Richard Neustadt Presidential Power Analysis

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Undoubtedly, The President is the furthermost known person in a country due to the position he occupies and many times his actual power has been questioned. Two distinct perspectives arose to describe the president’s power as persuasion and unilateral power. First, the persuasive perspective from Richard Neustadt illustrates presidents’ power as persuasive. It highlights what Neustadt believes that is a misconception among the general public who believe that the president is a supreme authority that governs the country, as he prefers from his oval office. President’s power is seen as persuasive because it involves bargaining that stems from their position, status, and prestige (Howell). Because the president’s power is more in a persuasive scale, he has scarce sources to reach the large expectations of the public. The President takes his ideas for new policies and expectations to the office but to achieve it, he must work together with the Congress (Neustadt 30). Second, the unilateral perspective from William G. Howell comprehends presidential power as a power beyond persuasion and negotiation with the Congress. For this perspective, presidents have direct power on government and public policy. Therefore, presidents’ have the power to prevent other branches to refuse his decisions.…show more content…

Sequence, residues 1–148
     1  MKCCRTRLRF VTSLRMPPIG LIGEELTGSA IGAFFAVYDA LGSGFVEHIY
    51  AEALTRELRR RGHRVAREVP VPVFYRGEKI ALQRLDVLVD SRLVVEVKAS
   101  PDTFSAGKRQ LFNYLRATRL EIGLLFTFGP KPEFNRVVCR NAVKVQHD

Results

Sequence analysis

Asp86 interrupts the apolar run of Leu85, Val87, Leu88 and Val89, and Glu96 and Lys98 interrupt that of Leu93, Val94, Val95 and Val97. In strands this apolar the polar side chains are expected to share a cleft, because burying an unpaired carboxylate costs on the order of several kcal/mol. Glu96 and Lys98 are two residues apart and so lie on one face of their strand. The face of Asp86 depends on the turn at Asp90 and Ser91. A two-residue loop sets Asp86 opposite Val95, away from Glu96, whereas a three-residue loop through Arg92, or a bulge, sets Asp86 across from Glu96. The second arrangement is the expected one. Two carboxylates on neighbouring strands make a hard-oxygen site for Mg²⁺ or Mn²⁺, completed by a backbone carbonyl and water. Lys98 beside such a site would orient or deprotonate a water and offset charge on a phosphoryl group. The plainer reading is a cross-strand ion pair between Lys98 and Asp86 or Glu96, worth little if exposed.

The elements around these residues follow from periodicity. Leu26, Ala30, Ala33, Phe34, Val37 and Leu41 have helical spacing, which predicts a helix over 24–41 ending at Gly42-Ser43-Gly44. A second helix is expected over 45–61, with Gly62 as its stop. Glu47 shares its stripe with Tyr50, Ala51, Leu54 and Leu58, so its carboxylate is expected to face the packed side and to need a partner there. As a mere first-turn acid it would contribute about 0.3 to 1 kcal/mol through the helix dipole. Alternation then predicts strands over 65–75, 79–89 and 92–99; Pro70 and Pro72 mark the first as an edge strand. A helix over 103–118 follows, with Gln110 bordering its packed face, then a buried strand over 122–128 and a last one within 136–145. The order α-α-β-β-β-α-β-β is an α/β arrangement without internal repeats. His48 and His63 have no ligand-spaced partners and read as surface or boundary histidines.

Applying each perspective in a situation mainly depends on the president’s core interest in taking action and what he intends to be the most effective approach. There will certainly be moments where the president will use a more persuasive approach to make his points and other occasions such as the Bush commandment to bomb Afghanistan in which presidents will have to take a more prompt action. Therefore, more than having a correct perspective to use in general, both perspectives work together to find which one is the most appropriated in singular

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